In terms of where we go from here I don't have those answers. IMHO, I don't think we - "settlers" - can have those answers on our own, they have to be found in conjunction with Indigenous people across this land. Having that conversation has to start with recognizing what has been taken from Indigenous people. They have lost far more than just their land, they are fighting to regain their identity. Their identity has been taken from them and they slowly gaining it back - it's known as resurgence. You and I can have good conversation about this, agree on some things and disagree on others, but that is not the dominant thinking in Canadian society. Most of Canada still sees Indigenous people as not worthy of the same value and respect they give to their settler friends. It's the settler or colonizer attitude that needs to change, the idea that Indigenous people are nothing more than an inconvenience to be dismissed and swept aside.

From what I've learned, Indigenous people want to be recognized as equal and valuable parts of this society. So until an Indigenous man can take his granddaughter into a bank to open an account for her and not get arrested, handcuffed and detained on the streets of this city for over a half hour then our society is nowhere near recognizing Indigenous people as valuable members of this society. To state it bluntly, we are a long fucking ways away from recognizing and appreciating Indigenous people for who they are, and that's where reconciliation needs to start.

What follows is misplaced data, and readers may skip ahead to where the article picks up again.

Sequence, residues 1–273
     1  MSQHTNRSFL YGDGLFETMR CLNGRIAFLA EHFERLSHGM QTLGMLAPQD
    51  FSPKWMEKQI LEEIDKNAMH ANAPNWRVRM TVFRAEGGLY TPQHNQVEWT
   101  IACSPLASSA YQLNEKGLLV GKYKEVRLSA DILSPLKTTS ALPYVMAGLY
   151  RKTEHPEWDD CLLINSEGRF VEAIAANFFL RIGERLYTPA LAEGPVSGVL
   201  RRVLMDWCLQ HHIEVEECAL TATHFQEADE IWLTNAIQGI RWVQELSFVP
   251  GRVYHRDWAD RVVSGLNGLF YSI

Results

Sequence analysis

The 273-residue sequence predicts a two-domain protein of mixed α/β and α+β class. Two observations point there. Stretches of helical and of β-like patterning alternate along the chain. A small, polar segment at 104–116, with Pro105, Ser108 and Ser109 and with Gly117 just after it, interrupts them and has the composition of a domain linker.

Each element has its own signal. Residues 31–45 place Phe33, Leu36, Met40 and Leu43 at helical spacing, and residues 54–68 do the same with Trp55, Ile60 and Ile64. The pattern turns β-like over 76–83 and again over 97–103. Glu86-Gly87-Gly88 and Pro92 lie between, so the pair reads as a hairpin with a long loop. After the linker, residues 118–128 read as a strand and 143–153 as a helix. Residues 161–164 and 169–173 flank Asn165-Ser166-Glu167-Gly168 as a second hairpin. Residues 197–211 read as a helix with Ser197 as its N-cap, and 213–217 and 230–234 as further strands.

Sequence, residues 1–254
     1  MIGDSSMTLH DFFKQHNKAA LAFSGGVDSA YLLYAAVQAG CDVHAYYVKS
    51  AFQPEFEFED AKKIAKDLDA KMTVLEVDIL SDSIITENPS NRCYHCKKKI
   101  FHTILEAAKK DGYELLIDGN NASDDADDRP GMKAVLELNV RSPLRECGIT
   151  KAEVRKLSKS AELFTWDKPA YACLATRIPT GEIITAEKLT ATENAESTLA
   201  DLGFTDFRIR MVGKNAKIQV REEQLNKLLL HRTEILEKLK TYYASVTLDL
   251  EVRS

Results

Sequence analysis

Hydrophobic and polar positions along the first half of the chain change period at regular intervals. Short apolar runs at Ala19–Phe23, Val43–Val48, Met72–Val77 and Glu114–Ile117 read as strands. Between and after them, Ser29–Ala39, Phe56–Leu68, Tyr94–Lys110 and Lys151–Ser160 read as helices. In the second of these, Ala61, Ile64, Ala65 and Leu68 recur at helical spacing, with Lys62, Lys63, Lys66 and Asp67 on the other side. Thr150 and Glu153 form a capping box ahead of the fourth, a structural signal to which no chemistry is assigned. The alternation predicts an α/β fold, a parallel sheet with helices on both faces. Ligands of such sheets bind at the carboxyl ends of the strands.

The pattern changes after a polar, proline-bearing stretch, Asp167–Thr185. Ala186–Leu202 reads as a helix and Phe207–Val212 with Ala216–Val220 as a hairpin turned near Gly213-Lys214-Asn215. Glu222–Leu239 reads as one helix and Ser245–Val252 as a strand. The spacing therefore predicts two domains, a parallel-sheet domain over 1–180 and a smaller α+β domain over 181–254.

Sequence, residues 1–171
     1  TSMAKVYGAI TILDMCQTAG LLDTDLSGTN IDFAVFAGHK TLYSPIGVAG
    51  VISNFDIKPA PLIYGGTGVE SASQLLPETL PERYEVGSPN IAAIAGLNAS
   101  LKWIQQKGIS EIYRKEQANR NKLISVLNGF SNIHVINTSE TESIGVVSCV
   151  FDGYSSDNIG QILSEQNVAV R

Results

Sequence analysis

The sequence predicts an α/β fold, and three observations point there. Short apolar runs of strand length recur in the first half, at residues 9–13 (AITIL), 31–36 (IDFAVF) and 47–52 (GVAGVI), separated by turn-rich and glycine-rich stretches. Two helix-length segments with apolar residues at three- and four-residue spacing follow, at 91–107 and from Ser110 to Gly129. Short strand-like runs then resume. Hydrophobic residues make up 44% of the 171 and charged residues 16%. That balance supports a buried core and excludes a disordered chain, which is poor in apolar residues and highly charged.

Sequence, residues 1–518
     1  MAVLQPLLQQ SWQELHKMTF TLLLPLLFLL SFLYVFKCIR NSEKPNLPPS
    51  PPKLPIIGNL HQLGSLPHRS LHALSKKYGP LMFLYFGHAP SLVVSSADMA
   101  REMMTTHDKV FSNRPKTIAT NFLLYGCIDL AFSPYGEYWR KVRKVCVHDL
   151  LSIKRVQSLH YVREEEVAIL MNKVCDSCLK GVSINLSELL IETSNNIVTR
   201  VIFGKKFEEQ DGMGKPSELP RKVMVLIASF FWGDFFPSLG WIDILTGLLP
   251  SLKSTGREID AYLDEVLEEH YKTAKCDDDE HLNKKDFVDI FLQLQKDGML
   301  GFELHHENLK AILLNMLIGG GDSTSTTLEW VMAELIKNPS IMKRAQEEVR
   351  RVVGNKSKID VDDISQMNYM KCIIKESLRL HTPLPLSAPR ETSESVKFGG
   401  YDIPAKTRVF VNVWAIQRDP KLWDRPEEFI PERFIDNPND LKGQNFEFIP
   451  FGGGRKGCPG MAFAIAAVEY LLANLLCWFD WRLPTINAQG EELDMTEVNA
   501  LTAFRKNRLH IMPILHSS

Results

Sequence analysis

June 30, 2021, 10:42 a.m.
Posts: 15169
Joined: Nov. 20, 2002

A lot of BC are unceded lands ?

I live in a house with a fee simple title in unceded Wetsuet en lands so what does that mean ?

they don't get my house back but they now have a big say in what goes on in the territory but those precedents in law were ignored on the CGL project

I told buddy I had expedited groceries for i wasn't impressed with the end run christy clarke & CGL had pulled  and that i thot what they did was against the law

So buddy knew better than to ask me to drive up the Morice or into the RCMP camp


 Last edited by: XXX_er on June 30, 2021, 10:55 a.m., edited 1 time in total.
June 30, 2021, 11:29 a.m.
Posts: 11507
Joined: June 29, 2006

Posted by: syncro

Posted by: chupacabra

I get what you are saying but you are not addressing the issue I brought up.  To follow through 100% on the commission recommendations as they are written and interpreted by our courts we need to give back the whole ball of wax including the power to govern the people. 

BC is 100% claimed by the various First Nations and they are fighting for this every day in court.  Everything I have read on the subject says that to right the wrongs FNs need to have title over 100% of their traditional territory.  If we really were just settlers we could all sail back home and this plan would work, but we aren't, which is why I reject the term.